The Struggle for free education continues

The Struggle for free education continues

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Following the call by the South African Union of Students (Sau) for a national shutdown, students across the country took to street on Monday fighting for the right to free education in
institutions of higher learning without restrictions.

The student demands for the 2021 academic year and the national shutdown of all the 26 universities include; financial clearance and clearance of historical debts for all students to ensure smooth registration, immediate provision of post-graduate funding which is a crisis in the country, allocation of NSFAS funding for first time entering students and demand for student allowances to be provided in March, and free registration for all as majority of students have been financially excluded.

Responding to the outlined demands, Minister of Department of Higher Education, Science and Technology, Blade Nzimande stated that the department is not in a financial position to be able to support institutions to clear all students debt of fee-paying students. “We are aware of that there are many students whose families struggle to keep up with fee payments, and indeed many families have been negatively affected by Covid-19 pandemic. However, given difficult fiscal situation, all government departments, including Department of Higher Education and Training have been subject to budget reductions in 2020 and 2021.”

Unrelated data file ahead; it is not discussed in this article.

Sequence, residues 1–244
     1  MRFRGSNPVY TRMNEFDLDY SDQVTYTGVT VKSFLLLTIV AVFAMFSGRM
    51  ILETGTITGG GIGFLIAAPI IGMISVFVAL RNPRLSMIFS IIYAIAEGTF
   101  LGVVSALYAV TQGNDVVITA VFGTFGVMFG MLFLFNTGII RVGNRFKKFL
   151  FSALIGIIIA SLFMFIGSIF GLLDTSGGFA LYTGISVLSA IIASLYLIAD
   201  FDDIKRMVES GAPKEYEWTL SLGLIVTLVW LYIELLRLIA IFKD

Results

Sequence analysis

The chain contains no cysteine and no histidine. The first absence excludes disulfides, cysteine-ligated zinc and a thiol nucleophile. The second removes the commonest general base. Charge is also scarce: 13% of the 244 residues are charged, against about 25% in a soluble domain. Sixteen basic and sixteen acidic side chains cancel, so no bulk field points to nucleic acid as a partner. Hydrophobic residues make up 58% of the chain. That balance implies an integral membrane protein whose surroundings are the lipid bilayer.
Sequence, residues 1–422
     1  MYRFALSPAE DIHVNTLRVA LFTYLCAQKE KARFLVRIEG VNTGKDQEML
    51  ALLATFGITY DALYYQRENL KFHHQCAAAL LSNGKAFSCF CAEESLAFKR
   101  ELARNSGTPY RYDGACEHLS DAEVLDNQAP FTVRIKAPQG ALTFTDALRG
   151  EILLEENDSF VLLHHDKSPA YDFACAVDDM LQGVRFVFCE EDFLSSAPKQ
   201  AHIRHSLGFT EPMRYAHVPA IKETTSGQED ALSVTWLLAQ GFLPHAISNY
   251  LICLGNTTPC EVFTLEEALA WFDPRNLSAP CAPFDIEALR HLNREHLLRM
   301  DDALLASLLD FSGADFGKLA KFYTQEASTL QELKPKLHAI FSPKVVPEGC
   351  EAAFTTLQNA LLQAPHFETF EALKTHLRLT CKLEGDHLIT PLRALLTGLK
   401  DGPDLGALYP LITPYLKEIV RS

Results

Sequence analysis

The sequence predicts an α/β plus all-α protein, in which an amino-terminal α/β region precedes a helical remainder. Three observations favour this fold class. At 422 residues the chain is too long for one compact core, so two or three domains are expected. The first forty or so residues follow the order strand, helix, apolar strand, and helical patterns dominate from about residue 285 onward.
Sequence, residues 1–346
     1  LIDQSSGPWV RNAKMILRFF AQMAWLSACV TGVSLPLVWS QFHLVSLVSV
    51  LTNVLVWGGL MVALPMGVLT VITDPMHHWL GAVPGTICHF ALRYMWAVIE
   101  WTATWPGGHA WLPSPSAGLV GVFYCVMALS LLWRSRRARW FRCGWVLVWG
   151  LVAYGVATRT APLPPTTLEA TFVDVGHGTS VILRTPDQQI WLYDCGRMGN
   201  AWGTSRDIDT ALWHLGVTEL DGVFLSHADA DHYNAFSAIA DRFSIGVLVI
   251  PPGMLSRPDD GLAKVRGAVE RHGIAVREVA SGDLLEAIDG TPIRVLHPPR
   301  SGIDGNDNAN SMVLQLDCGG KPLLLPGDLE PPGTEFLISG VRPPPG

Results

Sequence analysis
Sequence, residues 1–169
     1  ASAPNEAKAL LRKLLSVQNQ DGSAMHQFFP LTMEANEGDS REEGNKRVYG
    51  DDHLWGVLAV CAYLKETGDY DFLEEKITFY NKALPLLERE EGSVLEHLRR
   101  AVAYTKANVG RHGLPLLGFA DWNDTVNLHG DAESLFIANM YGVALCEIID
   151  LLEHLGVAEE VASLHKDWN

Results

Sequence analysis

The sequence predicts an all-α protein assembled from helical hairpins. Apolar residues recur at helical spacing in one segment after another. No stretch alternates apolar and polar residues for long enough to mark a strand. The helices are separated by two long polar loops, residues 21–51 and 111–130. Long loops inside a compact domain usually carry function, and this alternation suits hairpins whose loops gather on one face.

While Vice-Chancellors of the 26 public South African Universities have met to discuss the matter. Prof. Ahmed Bawa, CEO of Universities South Africa is in line with Blade Nzimande as he says that the cancelling of historical debts is way impossible because that will cripple universities since they cannot afford it. He also mentioned that this is big challenge since the expense and debts are high and as such they cannot be easily cancelled.

Students are vowing to render academic institutions ungovernable until their demands are met. And, they are urging all other universities to follow in the steps of the University of Cape Town as it has effectively lifted the student registration fee block and has committed R30 million to allow students who were financially excluded to register for the 2021 academic year regardless of their 2020 historic debt.

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